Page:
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Centennial History Book

A segment of the people that is presented with pride


Cal Bradshaw
Robert Cloyd
Othe Farmer
N. M. Irelan
Charles Koepke
Bill LaRue
Miles Martin
James Robinson
James B. Shaw
C. G. Underwood
James Wood
Gene Ceder
Willie Dryden
Horatio Hicks
J. B. Kitchen
Gene Laucomer
James Martin
Newsam (Jack) Rank
W. H. Rolph
Benjamin F. Stilley
‘Daddy’ White


Bert Adams
Joe Armitage
Leonard Banks
Willis Bowling
W. J. Burton
Louis Ceder
Larence F. Dalton
Fred Dircksen
Lester Donelson
Fred Gaudreault
Forrest Harris
Art Heath
Wells Jones
Walter Lowrie
Roy Maurer
Dows Mercer
Cliff Nickerson
Charles C. Peck
Frank Reeves
John Rowland
Orville Selleck
Roy Stilley
Ralph Townsend
Lewis Wear
Edward Adams
George Austin
Arthur Beye
William Brock
Delevan Buss
Glenn Donover
Edward Davison
Carl Dixon
Harry Dryden
Roy Gish
Lester Harris
Carl Johnson
E. A. Jack
Roy McCarl
Archie Miller
Howard Nickerson
Lloyd Peterson
Frank Rhoades
James Saxon
Dwight Stebbins
O. T. Thompson
Walter Waits
S. C. Wilcox
Willis Wyckoff
George Ainlay
Harry Baker
Ray Blackwood
Orlie Brown
E. Harold Buss
Henry Cross
William Devine
Bert Donelson
Carlos Durham
James Griffis
Bud Hathaway
Elmer Johnson
Claude Klootz
Ralph Maurer
Alfred McDermott
Elbert Miller
Charles Owens
A. E. Reeves
Clarence Roberts
J. H. Schnoor
Roy Stebbins
Orval Thrasher
Roy Watts
Cecil Williams


Leslie Beck
Dale Beery
Dale Boyle
Clayton Britton
Marion Brown
Benjamin Clement
Frank Crisman
Dorothy Crossgrove
Kenneth Earhart
Bernard Hopkins
Lloyd Hopkins
Bert Howat
George Johnson
Wray Lydic
Herb McMichael
James McNickle
Bernard Murphy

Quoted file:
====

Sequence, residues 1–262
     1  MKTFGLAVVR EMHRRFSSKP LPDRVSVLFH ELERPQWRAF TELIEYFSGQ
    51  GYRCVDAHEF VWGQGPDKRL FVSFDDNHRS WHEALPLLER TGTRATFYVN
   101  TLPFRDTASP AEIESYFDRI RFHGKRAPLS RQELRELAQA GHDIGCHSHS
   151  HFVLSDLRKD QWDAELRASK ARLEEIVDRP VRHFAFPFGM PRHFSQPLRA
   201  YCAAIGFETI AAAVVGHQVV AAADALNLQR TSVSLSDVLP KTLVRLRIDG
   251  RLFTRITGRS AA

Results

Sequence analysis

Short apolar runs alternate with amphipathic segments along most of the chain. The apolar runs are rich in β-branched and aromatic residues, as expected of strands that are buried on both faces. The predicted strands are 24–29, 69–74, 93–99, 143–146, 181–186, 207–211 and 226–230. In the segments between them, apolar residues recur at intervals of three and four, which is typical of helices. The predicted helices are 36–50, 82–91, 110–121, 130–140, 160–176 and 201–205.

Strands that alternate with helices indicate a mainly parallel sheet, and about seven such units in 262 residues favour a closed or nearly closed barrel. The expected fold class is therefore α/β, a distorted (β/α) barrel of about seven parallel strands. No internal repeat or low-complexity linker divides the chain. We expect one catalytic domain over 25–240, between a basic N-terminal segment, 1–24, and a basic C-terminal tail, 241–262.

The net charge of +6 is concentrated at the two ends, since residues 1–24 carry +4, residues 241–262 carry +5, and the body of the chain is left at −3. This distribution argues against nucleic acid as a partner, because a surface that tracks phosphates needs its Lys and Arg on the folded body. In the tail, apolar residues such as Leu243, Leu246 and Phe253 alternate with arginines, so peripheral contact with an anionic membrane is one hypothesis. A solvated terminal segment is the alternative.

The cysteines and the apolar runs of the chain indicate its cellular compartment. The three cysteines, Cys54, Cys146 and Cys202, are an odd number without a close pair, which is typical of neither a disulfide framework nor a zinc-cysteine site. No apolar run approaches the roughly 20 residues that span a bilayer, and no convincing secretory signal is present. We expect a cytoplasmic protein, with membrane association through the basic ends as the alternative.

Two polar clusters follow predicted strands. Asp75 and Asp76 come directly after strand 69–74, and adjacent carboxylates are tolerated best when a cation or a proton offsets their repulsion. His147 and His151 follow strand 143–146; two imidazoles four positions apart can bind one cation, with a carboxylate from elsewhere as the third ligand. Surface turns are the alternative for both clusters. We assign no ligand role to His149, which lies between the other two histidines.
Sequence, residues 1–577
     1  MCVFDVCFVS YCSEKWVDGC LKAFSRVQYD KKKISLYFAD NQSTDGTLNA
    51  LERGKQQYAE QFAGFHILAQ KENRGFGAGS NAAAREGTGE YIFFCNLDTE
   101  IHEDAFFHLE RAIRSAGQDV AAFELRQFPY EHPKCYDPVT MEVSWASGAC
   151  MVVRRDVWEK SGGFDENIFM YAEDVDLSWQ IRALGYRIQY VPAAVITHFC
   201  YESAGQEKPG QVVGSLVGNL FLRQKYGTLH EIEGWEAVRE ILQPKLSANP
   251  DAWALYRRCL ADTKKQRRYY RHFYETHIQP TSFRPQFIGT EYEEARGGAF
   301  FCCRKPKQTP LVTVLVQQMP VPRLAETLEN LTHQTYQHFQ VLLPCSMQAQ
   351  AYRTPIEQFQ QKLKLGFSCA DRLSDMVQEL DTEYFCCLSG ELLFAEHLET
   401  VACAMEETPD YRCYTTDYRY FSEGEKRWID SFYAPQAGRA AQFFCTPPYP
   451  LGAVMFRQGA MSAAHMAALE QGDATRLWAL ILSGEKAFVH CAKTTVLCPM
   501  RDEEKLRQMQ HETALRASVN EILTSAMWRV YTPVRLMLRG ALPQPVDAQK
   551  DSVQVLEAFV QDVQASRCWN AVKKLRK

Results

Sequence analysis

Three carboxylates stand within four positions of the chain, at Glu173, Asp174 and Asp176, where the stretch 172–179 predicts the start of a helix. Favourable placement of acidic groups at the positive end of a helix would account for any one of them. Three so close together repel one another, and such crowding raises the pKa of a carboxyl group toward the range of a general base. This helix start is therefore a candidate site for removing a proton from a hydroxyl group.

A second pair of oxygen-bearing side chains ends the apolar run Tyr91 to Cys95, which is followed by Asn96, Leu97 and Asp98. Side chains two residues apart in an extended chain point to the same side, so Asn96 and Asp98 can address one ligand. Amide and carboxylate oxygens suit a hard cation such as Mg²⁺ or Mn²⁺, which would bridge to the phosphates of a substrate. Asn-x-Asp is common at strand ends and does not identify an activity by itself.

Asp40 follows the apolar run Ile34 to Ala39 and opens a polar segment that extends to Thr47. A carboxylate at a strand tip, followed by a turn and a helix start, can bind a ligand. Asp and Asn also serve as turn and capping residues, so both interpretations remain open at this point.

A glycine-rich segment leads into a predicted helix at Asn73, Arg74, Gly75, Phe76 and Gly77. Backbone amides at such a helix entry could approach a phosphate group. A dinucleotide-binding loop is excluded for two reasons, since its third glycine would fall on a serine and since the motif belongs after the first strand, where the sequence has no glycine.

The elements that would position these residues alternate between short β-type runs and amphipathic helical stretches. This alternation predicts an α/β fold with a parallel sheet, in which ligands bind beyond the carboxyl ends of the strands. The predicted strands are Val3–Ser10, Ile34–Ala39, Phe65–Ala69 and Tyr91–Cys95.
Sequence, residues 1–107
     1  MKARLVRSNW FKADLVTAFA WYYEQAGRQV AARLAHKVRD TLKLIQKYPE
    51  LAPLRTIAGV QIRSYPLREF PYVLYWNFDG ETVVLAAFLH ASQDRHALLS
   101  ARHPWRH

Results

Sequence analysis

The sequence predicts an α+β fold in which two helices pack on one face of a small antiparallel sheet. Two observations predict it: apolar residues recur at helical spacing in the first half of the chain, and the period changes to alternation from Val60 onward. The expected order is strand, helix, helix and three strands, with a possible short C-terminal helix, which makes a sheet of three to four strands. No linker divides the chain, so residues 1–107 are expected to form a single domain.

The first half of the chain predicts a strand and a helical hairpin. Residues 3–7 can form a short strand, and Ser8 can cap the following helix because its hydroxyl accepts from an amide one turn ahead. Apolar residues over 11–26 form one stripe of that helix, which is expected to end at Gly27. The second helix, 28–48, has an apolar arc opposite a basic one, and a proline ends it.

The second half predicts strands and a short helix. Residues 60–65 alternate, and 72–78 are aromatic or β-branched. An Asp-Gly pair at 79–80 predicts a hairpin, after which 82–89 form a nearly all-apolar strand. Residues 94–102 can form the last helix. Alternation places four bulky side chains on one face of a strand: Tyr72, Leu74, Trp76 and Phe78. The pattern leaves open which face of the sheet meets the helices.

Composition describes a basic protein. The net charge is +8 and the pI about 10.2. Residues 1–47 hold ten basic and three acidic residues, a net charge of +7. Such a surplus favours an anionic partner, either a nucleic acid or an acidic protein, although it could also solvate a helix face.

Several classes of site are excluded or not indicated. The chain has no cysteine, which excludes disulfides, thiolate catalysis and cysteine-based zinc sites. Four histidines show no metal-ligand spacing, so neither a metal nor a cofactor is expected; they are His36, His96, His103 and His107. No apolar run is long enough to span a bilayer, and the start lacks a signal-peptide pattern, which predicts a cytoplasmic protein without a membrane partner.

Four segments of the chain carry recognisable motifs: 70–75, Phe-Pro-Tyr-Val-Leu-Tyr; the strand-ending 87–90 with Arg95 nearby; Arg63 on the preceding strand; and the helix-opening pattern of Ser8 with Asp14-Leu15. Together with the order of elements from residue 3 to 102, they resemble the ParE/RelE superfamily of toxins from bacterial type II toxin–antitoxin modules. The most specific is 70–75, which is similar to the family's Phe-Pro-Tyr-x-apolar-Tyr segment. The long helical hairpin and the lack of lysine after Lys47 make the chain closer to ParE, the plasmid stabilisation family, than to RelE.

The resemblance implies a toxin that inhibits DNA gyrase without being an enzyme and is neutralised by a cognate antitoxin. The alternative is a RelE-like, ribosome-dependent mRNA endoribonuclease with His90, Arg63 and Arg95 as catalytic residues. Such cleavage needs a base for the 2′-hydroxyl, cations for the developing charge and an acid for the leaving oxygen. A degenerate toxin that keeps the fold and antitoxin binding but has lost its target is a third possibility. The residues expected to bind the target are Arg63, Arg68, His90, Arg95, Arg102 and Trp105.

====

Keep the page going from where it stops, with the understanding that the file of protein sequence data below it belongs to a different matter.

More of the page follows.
Leith Parker
Dean Reynolds
Forrest Saum
Jack Schultz
Kenneth Stevens
John Sturgeon
George Tillotson
Clinton Wear
Dan Wyckoff
Noble Bellamy
Loren Beery
George Boyle, Jr.
Joe Britton
Laverne Brugger
Emerald Clement
Gerald Crisman
Roger Crossgrove
Marcus Gaudreault
Earl Hopkins
Oren Hopkins
Hank Hirschmiller
Lawrence Kiner
Jack Martin
Arthur McNickle
Ralph McNickle
Cliff Nickerson
Wilson Parker
Keith Reynolds
Halton Saum
Alvin Smallfoot
George Sturgeon
Melvin Sturgeon
Alfred Wear
Gerald Whitney
Jay Beerman
Howard Beery
Harold Boyle
Carl Brown
Leon Caster
Donald (Jack) Cole
Dale Crossgrove
Argil Donner
Gerald Hicks
Leland Hopkins
Adam Howat
Claude Ihfe
Leon Kotschwar
Cliff McMichael, Jr.
Glen McNickle
Dale Montgomery
Clarence Oberg
Barney Ragsdale
Dale Russell
Lawrence Saum
Donald Speck
Henry Sturgeon
Eldon Thompson
Arthur Wear
Russell Wilcox
Frank Zysset


Bill Banks
Gene Bosch
Kent Davis
Bob Fenton
Donald Heath
Irvin Hess
Forrest Johnson
Marvin Lehman
Bill Preston
Bill Schnackenburg
Robert Smallfoot
Kenneth Bellamy
Russell Clement
Richard Edson
Orville Gaibler
Clifford Hess
Gene Hoppe
Harold Knoedler
Keith Messersmith
Wayne Rieker
Bob Schnackenburg
Raymond Tillotson
Harold Bick
Kenneth Cole
Roger Edson
Clayton Heath
Gilbert Hess
Archie Howat
Raymond Knoedler
Keithen Piersol
Rex Russell
Kevin Smallfoot
Russell Williams


Raymond Bellamy
Kenneth Brown
Bruce Derra
John Hazen
Roger Koch
Donald Mayden
Ed Oberg
David Taylor
Frank Widick
Ronald Bellamy
Wayne Clement
Dan Donner
Virgil Hazen
Glen Kotschwar
Bruce McNickle
Roger Oberg
James Taylor
Gene Widick
Douglas Brouillette
Deloit Cross
Terry Fritz
Dennis Hill
Keith Knoedler
Dennis Messersmith
Mark Smallfoot
Douglas Widick
George Wolfe


On October 15, 1942 I joined the Army Nurse Corps and immediately became a member of the 16th Evacuation Hospital Unit (Michael Reese Unit). This consisted of approximately 36 doctors, one dentist, one chaplain, four administrative officers, 52 nurses, one dietician, 300 enlisted men and two Red Cross Workers; also a Commanding Officer who was very tough but also very much respected for his outstanding abilities in running a hospital.